This rare but serious cancer often has no symptoms. Find out about possible causes and where biliary tract cancers occur in the body.

Biliary tract cancer is a type of cancer that forms in the cells anywhere in the biliary tract.

The biliary tract includes the organs and ducts that make and store bile in the gallbladder. The bile is then released through the bile ducts into the small intestine. Bile is the yellow-greenish fluid made by the liver that helps you digest fat. The biliary tract is sometimes called the biliary tree because it has a few "branches." The branches include:

  • The gallbladder, a small, pear-shaped pouch in the upper abdomen that stores bile, which is made in the liver. The gallbladder releases bile when you eat.
  • The bile ducts, a network of tubes inside and outside the liver that carry bile from the liver and gallbladder to the small intestine.
  • The ampulla of Vater, where bile ducts from the liver and pancreas meet and enter the small intestine.
  • Gallbladder cancer, which starts in the cells of the gallbladder.
  • Bile duct cancer, called cholangiocarcinoma, which is classified according to which part of the bile ducts are affected:

    • Intrahepatic cholangiocarcinoma, which affects bile ducts inside the liver.
    • Extrahepatic or distal cholangiocarcinoma, which affects the common bile duct outside the liver.
    • Hilar cholangiocarcinoma, which forms where the left and right hepatic ducts join in the shape of a Y.
  • Ampullary cancer, which develops in the ampulla of Vater.

Biliary tract cancer often doesn't cause any symptoms in the early stages. It's often discovered by accident — for example, through routine blood tests or imaging done for an unrelated reason.

By the time symptoms occur, biliary tract cancer is often in advanced stages. And because some symptoms are common with other conditions, they may go unnoticed. Symptoms of biliary tract cancers may include:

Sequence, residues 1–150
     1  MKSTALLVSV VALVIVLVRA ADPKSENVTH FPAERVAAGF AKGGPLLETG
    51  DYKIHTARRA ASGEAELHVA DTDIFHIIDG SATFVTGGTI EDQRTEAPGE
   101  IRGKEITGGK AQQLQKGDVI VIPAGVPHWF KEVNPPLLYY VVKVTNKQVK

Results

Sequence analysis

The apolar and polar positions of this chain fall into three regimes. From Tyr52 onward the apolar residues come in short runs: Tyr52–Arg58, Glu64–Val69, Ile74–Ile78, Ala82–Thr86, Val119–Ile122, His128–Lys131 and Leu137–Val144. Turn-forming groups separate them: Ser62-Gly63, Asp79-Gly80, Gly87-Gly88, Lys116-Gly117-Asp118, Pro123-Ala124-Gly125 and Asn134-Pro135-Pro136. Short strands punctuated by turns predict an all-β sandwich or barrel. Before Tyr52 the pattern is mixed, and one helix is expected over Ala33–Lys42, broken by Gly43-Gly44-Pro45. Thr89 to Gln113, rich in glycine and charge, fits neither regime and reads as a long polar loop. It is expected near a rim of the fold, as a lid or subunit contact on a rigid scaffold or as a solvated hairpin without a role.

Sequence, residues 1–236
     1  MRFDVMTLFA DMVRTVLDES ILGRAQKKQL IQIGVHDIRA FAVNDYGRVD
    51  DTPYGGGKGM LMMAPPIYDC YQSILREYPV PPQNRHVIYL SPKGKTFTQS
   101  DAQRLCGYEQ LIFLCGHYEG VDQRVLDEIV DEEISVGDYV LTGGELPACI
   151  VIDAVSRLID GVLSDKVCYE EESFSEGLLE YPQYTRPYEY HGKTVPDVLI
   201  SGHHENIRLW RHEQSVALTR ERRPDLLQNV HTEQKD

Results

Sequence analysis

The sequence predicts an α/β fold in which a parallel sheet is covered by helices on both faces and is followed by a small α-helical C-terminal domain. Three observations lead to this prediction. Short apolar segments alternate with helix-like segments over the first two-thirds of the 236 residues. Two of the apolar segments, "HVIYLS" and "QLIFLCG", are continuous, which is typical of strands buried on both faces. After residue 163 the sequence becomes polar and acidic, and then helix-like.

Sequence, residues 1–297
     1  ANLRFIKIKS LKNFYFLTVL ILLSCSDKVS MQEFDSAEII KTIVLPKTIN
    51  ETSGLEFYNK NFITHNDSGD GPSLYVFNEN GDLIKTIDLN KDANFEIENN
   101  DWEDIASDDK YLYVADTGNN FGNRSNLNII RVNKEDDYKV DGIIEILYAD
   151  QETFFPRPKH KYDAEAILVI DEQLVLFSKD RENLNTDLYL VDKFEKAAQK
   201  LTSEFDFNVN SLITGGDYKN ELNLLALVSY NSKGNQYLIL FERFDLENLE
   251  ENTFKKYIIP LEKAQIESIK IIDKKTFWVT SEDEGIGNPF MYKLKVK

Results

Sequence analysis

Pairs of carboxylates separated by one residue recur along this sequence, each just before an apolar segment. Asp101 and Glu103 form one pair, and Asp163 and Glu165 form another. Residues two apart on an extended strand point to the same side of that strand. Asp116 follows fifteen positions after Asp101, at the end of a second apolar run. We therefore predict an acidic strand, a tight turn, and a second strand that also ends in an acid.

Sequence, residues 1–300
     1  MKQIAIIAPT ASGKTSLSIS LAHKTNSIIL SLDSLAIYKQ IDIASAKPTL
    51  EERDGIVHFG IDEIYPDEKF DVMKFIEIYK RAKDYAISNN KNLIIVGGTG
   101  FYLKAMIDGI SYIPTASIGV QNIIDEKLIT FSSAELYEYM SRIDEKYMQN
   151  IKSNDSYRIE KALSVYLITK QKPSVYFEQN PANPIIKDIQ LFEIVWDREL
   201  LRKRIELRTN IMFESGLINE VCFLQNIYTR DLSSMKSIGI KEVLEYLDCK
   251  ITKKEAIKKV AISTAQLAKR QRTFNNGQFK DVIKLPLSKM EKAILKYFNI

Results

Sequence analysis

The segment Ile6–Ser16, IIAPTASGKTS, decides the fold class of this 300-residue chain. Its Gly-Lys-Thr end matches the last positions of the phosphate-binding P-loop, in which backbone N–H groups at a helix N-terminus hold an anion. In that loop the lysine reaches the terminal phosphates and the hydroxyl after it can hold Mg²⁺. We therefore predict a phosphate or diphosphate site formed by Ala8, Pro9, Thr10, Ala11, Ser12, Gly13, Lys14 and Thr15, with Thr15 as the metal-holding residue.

• Yellowing of the skin and the whites of the eyes, called jaundice.
  • Intensely itchy skin.
  • White-colored stools.
  • Fatigue.
  • Belly pain on the right side, just below the ribs.
  • Losing weight without trying.
  • Fever.
  • Night sweats.
  • Dark urine.
  • A general sense of not feeling well, called malaise.

Biliary tract cancers are rare. They account for less than 1% of all types of cancer. These cancers are usually diagnosed between the ages of 60 and 70. Gallbladder cancer is the most common type. It accounts for 80% to 90% of all biliary tract cancers.

The exact cause of biliary tract cancer is unknown. But there are some known risk factors for each type. It's important to remember that having a risk factor for biliary tract cancer does not necessarily mean you'll get cancer.

Gallbladder cancer Bile duct cancer, called cholangiocarcinoma Ampullary cancer
  • Primary sclerosing cholangitis.
  • Family history of gallbladder cancer.
  • Inflammation of the gallbladder, gallstones or gallbladder polyps.
  • "Porcelain gallbladder," a condition in which the inner wall of the gallbladder is encrusted with calcium.
  • Irregularities in the size and the shape of the pancreas and bile duct.
  • Diabetes.
  • Smoking.
  • Drinking too much alcohol.
  • Being overweight.
  • Primary sclerosing cholangitis.
  • Ulcerative colitis.
  • Bile duct cysts.
  • Liver fluke infection, which involves a parasite that can occur in the bile ducts, the gallbladder and in the liver itself.
  • Bile duct stones.
  • Liver cirrhosis.
  • Hepatitis B or C infection.
  • Gallbladder removal surgery, called cholecystectomy.
  • Familial adenomatous polyposis.
  • Smoking.
  • Being overweight.
March 24, 2023